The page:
Former FIFA deputy general secretary Jerome Champagne has announced he will bid to succeed president Sepp Blatter next year - and he has already received the backing of Pele.
But Champagne does not believe he could beat Blatter if the Swiss decides to stand again in 2015.
Blatter is yet to decide whether he will bid for a fifth term and will not announce his intentions until just before the FIFA congress in June.
Asked at the London launch of his campaign if he could beat Blatter, Champagne said: "I don't think so. He's someone of relevance."
All the indications are however that Blatter will run, and that means he will be up against his former right-hand man Champagne. Champagne ran Blatter's successful election campaign in 2002.
Frenchman Champagne, 55, a former diplomat, worked at FIFA for 11 years between 1999 and 2010 and is a former deputy Secretary General of world football's governing body.
If Champagne beats Blatter, he would become the first French president of FIFA since the legendary Jules Rimet.
Champagne, 55, will stand on a modernising ticket, though he wants to keep in place many of the game's traditional values.
Some of his proposals are radical. He would like to see an orange 'sin-bin' card introduced, with players ordered off the pitch for a short time. He would also like to give referees the power to penalise teams territory, as happens in rugby union.
Another proposal would see only captains allowed to talk to the referee.
"It is a very emotional issue for me," he said. "As a teenager I worked at France Football, which was founded by Rimet in 1946. Now 37 years later I am in a position to run for an office Jules Rimet presided over. You can have these circles in life."
Blatter will be 78 in March and he has been at the helm of FIFA since 1998.
UEFA head Michel Platini, 58, could also stand - meaning Champagne would be taking on men who he has had close ties with in the past.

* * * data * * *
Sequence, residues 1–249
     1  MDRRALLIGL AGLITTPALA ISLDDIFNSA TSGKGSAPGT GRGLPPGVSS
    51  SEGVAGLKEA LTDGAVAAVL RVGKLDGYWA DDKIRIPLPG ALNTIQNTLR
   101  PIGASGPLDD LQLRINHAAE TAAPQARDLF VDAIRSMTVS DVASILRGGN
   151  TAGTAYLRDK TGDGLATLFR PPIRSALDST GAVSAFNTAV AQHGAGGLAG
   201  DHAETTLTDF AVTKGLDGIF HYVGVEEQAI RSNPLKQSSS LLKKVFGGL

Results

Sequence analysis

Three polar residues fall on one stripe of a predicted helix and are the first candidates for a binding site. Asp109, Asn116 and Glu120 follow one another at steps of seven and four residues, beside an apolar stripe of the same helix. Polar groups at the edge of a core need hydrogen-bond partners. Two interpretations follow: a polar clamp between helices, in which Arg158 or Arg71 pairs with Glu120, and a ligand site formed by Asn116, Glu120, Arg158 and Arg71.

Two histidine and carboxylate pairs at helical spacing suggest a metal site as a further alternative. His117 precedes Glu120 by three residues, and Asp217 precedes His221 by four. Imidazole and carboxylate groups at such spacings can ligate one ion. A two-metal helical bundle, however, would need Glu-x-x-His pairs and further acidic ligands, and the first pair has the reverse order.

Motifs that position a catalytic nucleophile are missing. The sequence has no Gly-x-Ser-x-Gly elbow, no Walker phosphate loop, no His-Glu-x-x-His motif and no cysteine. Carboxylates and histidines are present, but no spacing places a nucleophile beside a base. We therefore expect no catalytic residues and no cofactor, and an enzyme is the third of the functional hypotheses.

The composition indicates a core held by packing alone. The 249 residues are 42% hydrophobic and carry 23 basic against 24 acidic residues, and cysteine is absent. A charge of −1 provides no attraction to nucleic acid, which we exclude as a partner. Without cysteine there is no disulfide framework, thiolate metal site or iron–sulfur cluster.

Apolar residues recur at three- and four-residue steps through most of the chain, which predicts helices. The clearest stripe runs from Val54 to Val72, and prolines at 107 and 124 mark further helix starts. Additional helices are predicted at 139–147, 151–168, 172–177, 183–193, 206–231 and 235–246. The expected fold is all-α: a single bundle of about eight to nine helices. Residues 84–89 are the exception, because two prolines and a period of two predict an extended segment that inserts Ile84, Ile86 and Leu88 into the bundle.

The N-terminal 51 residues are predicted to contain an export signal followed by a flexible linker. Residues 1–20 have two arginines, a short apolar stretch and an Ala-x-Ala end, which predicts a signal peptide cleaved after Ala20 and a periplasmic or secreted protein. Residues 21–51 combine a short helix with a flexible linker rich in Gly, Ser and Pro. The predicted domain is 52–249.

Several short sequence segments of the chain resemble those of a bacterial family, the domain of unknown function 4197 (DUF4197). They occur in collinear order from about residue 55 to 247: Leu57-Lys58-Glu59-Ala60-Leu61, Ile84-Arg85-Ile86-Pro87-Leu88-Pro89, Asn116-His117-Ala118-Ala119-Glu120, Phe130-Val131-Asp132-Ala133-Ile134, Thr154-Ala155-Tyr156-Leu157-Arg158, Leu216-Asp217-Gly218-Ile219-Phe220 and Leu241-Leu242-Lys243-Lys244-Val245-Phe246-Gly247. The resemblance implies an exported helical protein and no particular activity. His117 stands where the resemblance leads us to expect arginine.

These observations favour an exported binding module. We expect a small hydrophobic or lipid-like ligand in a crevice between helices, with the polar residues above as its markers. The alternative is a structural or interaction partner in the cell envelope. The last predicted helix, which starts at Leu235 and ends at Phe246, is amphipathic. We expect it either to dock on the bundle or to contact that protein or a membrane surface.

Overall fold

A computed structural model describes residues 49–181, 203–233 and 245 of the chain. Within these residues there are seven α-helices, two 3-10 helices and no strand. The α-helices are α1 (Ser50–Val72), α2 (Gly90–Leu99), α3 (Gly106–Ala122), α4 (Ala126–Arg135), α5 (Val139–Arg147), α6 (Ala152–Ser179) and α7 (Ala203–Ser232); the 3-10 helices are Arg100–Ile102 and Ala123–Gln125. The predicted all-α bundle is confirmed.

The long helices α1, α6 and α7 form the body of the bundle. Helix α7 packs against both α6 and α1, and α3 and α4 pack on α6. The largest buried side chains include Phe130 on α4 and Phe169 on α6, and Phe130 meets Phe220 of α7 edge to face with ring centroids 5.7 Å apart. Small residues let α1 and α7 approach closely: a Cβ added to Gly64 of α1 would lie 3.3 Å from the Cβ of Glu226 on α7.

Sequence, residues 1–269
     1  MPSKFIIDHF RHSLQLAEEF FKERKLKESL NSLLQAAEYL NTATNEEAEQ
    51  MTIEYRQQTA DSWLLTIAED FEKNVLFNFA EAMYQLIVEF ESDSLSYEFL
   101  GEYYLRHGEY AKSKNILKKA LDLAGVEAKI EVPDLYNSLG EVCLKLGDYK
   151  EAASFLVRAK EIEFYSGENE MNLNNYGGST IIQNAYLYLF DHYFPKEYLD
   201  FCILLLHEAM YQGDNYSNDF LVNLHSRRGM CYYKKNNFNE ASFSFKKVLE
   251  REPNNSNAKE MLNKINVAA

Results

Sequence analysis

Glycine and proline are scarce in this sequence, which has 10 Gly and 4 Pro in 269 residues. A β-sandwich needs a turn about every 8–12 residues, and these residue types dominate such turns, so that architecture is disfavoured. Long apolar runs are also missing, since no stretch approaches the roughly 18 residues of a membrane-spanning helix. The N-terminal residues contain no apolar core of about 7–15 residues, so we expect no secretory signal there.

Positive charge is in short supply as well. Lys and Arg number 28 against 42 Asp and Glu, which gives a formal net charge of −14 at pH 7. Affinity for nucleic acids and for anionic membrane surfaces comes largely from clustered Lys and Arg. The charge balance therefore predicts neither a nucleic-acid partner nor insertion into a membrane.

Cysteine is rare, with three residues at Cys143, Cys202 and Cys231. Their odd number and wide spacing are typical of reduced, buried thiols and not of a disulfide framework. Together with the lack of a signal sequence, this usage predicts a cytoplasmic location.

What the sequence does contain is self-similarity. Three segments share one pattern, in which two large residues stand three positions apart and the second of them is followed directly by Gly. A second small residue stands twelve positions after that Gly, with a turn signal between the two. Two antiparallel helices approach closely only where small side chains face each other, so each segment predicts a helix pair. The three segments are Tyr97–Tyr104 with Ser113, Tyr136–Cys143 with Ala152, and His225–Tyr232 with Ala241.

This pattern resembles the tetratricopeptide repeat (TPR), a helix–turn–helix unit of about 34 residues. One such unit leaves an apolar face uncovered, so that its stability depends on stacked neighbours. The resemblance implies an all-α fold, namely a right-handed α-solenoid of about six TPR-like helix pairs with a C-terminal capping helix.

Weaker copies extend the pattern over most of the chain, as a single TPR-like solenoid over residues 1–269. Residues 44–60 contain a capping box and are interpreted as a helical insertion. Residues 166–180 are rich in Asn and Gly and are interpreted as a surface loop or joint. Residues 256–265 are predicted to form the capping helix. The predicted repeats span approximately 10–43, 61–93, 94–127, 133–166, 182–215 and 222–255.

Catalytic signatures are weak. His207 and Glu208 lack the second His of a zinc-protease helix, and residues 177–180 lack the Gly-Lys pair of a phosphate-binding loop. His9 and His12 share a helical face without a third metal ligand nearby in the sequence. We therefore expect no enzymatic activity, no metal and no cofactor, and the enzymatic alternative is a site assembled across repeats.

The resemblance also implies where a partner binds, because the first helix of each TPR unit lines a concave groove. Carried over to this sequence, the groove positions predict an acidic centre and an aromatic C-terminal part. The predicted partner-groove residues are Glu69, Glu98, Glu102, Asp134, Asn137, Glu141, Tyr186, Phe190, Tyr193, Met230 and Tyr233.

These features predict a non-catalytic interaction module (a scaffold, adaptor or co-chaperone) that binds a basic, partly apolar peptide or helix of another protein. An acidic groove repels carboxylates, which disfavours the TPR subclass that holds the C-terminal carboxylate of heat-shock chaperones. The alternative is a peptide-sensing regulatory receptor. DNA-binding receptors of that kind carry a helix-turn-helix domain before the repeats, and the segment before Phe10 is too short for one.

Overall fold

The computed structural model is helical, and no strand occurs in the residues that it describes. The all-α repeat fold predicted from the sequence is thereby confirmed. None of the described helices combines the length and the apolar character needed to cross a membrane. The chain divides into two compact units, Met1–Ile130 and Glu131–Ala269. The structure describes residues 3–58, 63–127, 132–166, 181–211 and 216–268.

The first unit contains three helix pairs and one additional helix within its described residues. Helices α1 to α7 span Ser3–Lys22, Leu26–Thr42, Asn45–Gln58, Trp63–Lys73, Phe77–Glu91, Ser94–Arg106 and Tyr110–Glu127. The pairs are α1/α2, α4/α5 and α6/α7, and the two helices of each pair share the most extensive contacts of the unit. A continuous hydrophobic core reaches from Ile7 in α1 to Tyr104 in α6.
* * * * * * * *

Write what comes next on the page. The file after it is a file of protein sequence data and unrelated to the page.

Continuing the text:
As well as working with Blatter as FIFA's international advisor for much of his 11 years in Zurich, Champagne's introduction into the world of football politics came through his fellow Frenchman Platini.
If that happens, Champagne wants to take on both in a televised debate.
"I would welcome a TV debate with anyone else who will stand. Football is so important for so many millions, let us show the world that we are open and democratic and transparent.
"The election next year is so important it will define football for the next 15 or 20 years so let us have a deep, meaningful discussion."
Champagne's campaign has already been given the backing of legend Pele.
The Brazilian, widely regarded as the world's greatest-ever player, gave his backing in a videotaped message shown when Champagne launched his bid at a news conference in London.
Pele said: "I cannot stay away from a debate which is so important for the future of football and thus, I support Jerome Champagne and his vision.
"Football today enjoys a lot of success but also faces many problems requiring a strong and democratic FIFA with a vision in favour of everyone, and a governance which is both universal and modern.
"FIFA must continue doing what has been done well in the past, taking its competitions and the World Cup to all countries and also continue its development programmes, but has to adapt itself to the 21st century and to the world of today."